Not Valid for Submission
D21 is a non-specific and non-billable diagnosis code code, consider using a code with a higher level of specificity for a diagnosis of other benign neoplasms of connective and other soft tissue. The code is not specific and is NOT valid for the year 2021 for the submission of HIPAA-covered transactions. Category or Header define the heading of a category of codes that may be further subdivided by the use of 4th, 5th, 6th or 7th characters.
Specific Coding for Other benign neoplasms of connective and other soft tissue
Non-specific codes like D21 require more digits to indicate the appropriate level of specificity. Consider using any of the following ICD-10 codes with a higher level of specificity when coding for other benign neoplasms of connective and other soft tissue:
Tabular List of Diseases and Injuries
The Tabular List of Diseases and Injuries is a list of ICD-10 codes, organized "head to toe" into chapters and sections with coding notes and guidance for inclusions, exclusions, descriptions and more. The following references are applicable to the code D21:
This note appears immediately under a three character code title to further define, or give examples of, the content of the category.
- benign neoplasm of blood vessel
- benign neoplasm of bursa
- benign neoplasm of cartilage
- benign neoplasm of fascia
- benign neoplasm of fat
- benign neoplasm of ligament, except uterine
- benign neoplasm of lymphatic channel
- benign neoplasm of muscle
- benign neoplasm of synovia
- benign neoplasm of tendon (sheath)
- benign stromal tumors
Type 1 ExcludesType 1 Excludes
A type 1 excludes note is a pure excludes note. It means "NOT CODED HERE!" An Excludes1 note indicates that the code excluded should never be used at the same time as the code above the Excludes1 note. An Excludes1 is used when two conditions cannot occur together, such as a congenital form versus an acquired form of the same condition.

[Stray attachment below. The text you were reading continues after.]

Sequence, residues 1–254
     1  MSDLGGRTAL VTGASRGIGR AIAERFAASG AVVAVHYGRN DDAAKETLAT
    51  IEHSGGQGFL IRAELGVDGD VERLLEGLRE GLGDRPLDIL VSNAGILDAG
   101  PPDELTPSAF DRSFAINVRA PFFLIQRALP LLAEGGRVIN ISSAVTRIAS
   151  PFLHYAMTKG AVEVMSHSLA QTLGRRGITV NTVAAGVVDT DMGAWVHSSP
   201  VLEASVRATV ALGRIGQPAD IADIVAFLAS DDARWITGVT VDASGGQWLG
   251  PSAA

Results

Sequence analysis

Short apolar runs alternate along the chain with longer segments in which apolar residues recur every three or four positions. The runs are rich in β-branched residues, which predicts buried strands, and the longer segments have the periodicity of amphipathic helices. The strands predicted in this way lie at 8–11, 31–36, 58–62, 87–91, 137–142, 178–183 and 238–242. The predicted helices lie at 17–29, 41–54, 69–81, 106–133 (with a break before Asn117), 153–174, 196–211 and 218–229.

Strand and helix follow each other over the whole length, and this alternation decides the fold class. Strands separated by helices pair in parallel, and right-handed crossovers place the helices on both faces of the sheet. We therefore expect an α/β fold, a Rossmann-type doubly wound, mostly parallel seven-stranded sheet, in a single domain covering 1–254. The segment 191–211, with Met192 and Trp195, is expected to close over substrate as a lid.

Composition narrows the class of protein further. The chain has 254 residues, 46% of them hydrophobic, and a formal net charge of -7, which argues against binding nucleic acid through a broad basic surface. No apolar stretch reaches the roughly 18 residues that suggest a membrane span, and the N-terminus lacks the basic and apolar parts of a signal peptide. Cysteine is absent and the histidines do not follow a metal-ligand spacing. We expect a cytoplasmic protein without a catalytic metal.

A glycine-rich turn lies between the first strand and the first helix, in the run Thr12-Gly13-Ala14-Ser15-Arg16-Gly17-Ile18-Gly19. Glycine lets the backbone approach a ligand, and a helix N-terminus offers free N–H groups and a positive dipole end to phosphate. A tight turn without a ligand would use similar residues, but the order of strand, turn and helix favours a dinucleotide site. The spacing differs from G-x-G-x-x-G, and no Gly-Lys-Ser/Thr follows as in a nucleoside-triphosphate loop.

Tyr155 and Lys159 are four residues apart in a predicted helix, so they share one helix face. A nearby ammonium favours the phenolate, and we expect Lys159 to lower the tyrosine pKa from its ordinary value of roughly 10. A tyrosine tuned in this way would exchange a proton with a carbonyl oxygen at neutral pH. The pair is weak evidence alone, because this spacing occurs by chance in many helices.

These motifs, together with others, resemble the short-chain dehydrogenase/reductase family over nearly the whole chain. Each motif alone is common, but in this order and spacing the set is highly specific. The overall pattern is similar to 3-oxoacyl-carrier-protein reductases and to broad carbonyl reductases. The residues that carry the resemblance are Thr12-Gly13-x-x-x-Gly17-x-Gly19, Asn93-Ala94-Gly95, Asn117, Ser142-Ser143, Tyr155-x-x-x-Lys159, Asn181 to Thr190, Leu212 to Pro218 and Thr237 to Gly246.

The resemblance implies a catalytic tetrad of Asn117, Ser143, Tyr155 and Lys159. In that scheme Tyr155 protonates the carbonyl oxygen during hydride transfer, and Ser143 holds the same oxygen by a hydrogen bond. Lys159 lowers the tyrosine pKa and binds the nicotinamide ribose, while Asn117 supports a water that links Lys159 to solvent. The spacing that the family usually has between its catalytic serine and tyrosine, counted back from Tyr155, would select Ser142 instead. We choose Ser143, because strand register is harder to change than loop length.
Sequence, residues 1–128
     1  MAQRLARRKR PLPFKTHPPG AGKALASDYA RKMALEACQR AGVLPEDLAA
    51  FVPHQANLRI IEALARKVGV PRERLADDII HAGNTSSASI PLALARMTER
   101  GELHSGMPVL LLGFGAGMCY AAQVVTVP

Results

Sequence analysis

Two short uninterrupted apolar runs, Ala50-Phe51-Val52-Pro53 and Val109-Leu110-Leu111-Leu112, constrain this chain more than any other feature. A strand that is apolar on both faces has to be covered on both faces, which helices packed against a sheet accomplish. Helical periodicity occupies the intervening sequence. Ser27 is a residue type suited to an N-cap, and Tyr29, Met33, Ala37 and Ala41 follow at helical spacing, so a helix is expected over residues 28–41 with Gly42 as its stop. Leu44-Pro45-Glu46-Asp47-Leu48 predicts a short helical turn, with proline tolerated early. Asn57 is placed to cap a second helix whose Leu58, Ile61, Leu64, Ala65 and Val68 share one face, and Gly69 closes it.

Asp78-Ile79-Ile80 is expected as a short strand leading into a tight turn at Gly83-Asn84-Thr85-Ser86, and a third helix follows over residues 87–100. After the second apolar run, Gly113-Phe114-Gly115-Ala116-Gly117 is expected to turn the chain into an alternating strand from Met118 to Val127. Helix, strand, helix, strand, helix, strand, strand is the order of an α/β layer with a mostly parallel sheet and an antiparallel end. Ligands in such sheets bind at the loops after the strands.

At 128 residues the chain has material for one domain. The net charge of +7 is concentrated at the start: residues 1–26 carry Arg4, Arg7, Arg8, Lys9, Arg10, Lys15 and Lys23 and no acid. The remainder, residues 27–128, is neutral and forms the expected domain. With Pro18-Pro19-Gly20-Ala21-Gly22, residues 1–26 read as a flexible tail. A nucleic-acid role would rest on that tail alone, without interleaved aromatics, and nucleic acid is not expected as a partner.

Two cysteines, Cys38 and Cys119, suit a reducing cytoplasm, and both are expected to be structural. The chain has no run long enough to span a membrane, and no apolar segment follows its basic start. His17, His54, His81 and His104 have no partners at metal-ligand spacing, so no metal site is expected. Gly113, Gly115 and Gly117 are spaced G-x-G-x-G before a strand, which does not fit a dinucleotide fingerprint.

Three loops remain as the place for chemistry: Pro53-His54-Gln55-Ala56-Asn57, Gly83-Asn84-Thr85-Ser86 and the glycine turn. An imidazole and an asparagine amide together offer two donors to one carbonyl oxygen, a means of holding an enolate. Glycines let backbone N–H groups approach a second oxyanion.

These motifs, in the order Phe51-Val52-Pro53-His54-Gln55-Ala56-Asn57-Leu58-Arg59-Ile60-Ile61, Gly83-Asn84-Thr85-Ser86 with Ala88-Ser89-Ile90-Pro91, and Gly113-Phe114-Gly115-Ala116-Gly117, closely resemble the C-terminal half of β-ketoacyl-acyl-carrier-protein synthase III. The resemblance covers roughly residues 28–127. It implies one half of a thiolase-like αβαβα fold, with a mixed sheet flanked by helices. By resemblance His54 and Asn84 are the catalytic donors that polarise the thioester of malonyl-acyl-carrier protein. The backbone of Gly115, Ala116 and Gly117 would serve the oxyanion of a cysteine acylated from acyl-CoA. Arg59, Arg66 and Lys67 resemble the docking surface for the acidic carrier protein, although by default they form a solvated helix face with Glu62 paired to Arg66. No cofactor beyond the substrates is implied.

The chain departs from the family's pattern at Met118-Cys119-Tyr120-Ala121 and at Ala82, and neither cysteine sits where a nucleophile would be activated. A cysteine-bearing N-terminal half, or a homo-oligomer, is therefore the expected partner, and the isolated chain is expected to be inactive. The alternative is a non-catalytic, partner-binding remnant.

- benign neoplasm of articular cartilage D16
- benign neoplasm of cartilage of larynx D14.1
- benign neoplasm of cartilage of nose D14.0
- benign neoplasm of connective tissue of breast D24
- benign neoplasm of peripheral nerves and autonomic nervous system D36.1
- benign neoplasm of peritoneum D20.1
- benign neoplasm of retroperitoneum D20.0
- benign neoplasm of uterine ligament, any D28.2
- benign neoplasm of vascular tissue D18
- hemangioma D18.0
- lipomatous neoplasm D17
- lymphangioma D18.1
- uterine leiomyoma D25
Information for Patients
Also called: Benign neoplasms, Noncancerous tumors
Tumors are abnormal growths in your body. They can be either benign or malignant. Benign tumors aren't cancer. Malignant ones are. Benign tumors grow only in one place. They cannot spread or invade other parts of your body. Even so, they can be dangerous if they press on vital organs, such as your brain.
Tumors are made up of extra cells. Normally, cells grow and divide to form new cells as your body needs them. When cells grow old, they die, and new cells take their place. Sometimes, this process goes wrong. New cells form when your body does not need them, and old cells do not die when they should. These extra cells can divide without stopping and may form tumor.
Treatment often involves surgery. Benign tumors usually don't grow back.
NIH: National Cancer Institute
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